Plot: What’s it about?
Peter La Fleur (Vince Vaughn) is as laid back as a man could be, even when it comes to his business, Average Joe’s Gym. He keeps terrible records and hasn’t collected dues in over a year, but he loves his clients and spends a lot of time out with the people. His clients are’t the usual gym goers, as most of the serious fitness folks choose GloboGym, a huge corporate chain that happens to be right next door. GloboGym is run by White Goodman (Ben Stiller), a fitness guru who was once fat, but is now a picture of physical fitness. He runs his gym with an iron fist and uses torture to keep his own weight off. When Peter learns he owes fifty-thousand dollars to the bank, he thinks the news is bad, but things soon take an even worse turn. Goodman has purchased the mortgage from the bank, which means unless Peter can scrape up the cash and quick, GloboGym will have a new parking lot where Average Joe’s stands. After a failed car wash fundraiser, the idea is brought up to enter a national dodgeball tournament, which has a prize of fifty-thousand dollars. Peter is hesitant, but his clients are determined to keep the doors open. The road is rocky, but with some help from a former dodgeball champion, the group enters the tournament. But when GloboGym also fields a team, does it spell disaster for Average Joe’s?
The newest trend in home video is to release an Unrated version, a spicier cut of a movie to entice viewers to plunk down their cash a second time. Some of these releases are worthwhile, with new footage and sometimes a slew of new extras, but some are simply pathetic. Dodgeball is one such case. The movie itself has a few seconds of extended footage, but this is not what is being advertised here. Since Fox gave us pretty much the same movie, my thoughts on the theatrical version remain pertinent. If you can dodge a wrench, you can dodge a ball. Such is the lesson learned from Dodgeball, an outlandish movie that is rooted in the old style sports movie genre, in which a band of misfits team up to take on the superior forces. The case even says it all, calling Dodgeball a “true underdog story,” which is quite accurate. But aside from the basic formula and presence of the grizzled, burned out old coach, this bears little resemblance to films like Major League, Necessary Roughness, or The Replacements. The guys don’t even know the sport until halfway through the movie, but the usual training sessions are present and in an odd little twist, the guys never really get that good, which adds in some freshness. This is basically a lowbrow comedy with some sports added in, a blend that works well, but not that well. Yes, Dodgeball has some great laughs, but not enough of them, so some spots are rather dull. But no comedy hits all the right notes and Dodgeball is passable, harmless fun. Vince Vaughn is barely awake in his role, while Ben Stiller, Rip Torn, and Christine Taylor go over the top and then some. I think if you’re in the mood for some laughs, Dodgeball is a solid rental choice, though replay value is somewhat limited. This Blu-ray release offers a modest bump in visuals, but little else, so only diehard fans will probably want to upgrade.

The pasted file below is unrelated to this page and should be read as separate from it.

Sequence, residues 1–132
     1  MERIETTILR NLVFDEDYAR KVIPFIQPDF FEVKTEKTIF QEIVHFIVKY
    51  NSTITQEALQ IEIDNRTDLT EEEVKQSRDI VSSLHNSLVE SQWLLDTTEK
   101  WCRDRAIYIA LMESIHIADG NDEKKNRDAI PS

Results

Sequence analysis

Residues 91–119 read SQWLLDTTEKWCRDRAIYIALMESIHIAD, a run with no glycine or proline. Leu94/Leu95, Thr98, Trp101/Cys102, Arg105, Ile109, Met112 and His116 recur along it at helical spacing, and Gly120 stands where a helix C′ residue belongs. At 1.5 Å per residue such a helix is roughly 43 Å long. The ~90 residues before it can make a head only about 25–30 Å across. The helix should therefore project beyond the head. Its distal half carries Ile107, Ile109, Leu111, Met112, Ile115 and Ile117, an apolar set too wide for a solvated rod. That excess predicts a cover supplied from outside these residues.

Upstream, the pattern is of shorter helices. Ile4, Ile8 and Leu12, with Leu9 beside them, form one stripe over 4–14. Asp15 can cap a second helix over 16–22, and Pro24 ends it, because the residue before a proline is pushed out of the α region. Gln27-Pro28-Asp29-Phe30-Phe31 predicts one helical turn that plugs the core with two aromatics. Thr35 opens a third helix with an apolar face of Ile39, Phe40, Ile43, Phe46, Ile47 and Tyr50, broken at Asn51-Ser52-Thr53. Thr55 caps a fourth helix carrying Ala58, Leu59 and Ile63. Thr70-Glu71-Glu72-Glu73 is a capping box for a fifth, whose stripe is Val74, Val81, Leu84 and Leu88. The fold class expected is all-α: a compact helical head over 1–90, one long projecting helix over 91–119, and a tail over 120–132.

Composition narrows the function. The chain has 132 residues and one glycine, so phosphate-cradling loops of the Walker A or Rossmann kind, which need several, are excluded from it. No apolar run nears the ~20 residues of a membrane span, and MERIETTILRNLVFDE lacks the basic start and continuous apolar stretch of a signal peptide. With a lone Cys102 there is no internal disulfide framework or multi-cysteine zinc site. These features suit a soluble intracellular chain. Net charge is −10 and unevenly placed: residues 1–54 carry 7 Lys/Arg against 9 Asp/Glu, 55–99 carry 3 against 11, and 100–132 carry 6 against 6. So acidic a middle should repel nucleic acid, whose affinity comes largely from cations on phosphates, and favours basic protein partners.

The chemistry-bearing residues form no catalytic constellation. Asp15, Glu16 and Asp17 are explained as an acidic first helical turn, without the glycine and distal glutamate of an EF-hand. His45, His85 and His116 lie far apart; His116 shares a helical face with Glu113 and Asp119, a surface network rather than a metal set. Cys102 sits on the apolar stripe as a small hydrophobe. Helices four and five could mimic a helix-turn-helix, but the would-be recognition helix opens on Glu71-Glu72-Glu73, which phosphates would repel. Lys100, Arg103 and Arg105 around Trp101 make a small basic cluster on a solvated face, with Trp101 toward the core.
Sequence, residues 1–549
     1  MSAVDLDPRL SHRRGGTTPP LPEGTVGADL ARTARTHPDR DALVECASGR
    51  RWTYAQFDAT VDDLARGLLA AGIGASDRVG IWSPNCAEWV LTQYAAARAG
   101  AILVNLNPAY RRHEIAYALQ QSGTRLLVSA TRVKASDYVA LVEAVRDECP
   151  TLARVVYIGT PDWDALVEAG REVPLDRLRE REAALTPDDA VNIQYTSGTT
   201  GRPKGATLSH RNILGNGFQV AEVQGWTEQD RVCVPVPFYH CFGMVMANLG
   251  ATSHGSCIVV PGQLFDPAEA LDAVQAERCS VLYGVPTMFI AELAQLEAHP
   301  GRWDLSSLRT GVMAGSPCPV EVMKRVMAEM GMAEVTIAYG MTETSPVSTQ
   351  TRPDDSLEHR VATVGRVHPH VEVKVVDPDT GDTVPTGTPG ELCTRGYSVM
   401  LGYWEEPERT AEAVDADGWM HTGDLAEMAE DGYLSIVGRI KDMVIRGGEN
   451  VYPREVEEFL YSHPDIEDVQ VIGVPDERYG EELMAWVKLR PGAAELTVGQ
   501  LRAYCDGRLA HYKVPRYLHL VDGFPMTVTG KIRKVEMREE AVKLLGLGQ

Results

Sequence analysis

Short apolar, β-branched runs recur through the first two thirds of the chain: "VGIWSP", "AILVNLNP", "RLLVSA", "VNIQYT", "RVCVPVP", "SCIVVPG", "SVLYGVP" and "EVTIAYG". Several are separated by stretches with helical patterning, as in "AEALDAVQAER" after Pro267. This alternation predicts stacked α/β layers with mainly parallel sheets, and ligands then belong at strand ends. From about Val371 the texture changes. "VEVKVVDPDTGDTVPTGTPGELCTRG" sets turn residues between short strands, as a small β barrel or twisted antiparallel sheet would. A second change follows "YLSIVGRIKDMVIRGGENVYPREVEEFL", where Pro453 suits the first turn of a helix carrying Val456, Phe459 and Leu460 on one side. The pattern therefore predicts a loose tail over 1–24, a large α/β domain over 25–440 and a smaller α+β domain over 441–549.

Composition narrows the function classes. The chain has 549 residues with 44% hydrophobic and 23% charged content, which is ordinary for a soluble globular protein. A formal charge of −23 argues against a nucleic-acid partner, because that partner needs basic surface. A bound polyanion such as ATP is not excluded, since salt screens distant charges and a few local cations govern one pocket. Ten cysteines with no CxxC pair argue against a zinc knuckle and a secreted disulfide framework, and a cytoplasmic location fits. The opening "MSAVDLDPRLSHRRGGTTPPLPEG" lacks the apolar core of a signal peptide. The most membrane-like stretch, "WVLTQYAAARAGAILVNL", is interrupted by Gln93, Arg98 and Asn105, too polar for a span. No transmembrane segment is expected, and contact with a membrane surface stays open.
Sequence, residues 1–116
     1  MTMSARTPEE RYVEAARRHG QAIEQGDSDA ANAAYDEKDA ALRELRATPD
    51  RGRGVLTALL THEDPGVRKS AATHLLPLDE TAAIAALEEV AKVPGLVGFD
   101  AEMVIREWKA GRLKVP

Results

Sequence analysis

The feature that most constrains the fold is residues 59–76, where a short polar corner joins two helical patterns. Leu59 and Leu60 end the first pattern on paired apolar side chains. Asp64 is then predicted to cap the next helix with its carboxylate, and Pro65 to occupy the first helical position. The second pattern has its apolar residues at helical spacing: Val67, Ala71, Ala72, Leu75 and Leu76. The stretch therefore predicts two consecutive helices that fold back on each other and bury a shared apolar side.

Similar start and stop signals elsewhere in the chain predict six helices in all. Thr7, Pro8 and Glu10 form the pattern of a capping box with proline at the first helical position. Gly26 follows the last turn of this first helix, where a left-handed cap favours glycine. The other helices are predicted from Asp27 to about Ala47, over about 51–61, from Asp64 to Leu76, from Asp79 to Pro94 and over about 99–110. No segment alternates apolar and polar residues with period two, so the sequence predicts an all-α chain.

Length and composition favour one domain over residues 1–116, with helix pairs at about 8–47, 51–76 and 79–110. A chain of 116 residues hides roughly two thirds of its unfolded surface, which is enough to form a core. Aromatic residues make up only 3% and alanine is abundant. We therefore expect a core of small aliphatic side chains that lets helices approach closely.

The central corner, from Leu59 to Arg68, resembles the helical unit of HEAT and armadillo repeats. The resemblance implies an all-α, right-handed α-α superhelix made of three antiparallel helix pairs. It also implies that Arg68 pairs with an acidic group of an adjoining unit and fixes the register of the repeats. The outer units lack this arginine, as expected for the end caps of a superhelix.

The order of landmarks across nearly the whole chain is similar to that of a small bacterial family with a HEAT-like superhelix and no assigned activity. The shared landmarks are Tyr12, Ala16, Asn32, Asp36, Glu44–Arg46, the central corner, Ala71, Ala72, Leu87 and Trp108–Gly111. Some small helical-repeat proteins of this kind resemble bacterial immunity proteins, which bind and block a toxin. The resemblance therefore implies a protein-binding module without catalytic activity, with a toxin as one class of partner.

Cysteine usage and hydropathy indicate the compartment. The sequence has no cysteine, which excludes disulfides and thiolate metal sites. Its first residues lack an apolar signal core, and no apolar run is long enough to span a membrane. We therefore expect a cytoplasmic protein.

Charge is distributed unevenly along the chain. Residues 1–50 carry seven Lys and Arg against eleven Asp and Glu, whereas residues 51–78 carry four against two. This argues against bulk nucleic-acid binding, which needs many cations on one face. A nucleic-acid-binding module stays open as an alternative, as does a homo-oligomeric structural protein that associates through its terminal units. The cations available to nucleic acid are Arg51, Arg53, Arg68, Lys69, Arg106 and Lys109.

Video: How does it look?
Dodgeball is presented in 2.35:1 anamorphic widescreen. This movie looks more than solid, but isn’t the substantial step up from the DVD I expected. This almost seems like an older transfer that was pulled out, instead of a freshly minted one, which makes sense, as Dodgeball was announced, then delayed a while back. Even so, detail is solid at all times and picks up when the action does, so the visuals deliver. But I wanted depth like we see in the best Blu-ray releases and that isn’t here. The colors look bright and contrast is accurate, however. So while this doesn’t have the clout to hang with Blu-ray’s elite titles, Dodgeball looks more than solid and should please fans.
Audio: How does it sound?
This DTS HD 5.1 option serves its purpose, but doesn’t offer much beyond the basics. Once the tournament begins, the surrounds pick up somewhat, but not enough to elevate the audio experience. Even so, the hard dodgeball hits register nice thuds, so not all is bland in this mix. The music also adds some life, which is most welcome. But for the most part, this is a standard comedy mix, with emphasis on dialogue, which does sound excellent. So in the end, not a memorable soundtrack, but a solid one. This disc also includes Spanish and French language tracks, as well as subtitles in English, Spanish, Mandarin, Cantonese, and Korean.
Supplements: What are the extras?
The same commentary from the unrated DVD is back, one which is decent, but seems warmed over. Perhaps some outtakes were culled in with material from the original, as I would swear I’ve heard a lot of this stuff before. The only new extra is a series of videos of some girls dancing, not really enough to warrant another purchase of this movie. The old extras are all here though, so here’s the rundown on those. You can also browse some deleted scenes, which include an alternate end sequence. This disc also includes some brief featurettes, and a gag reel.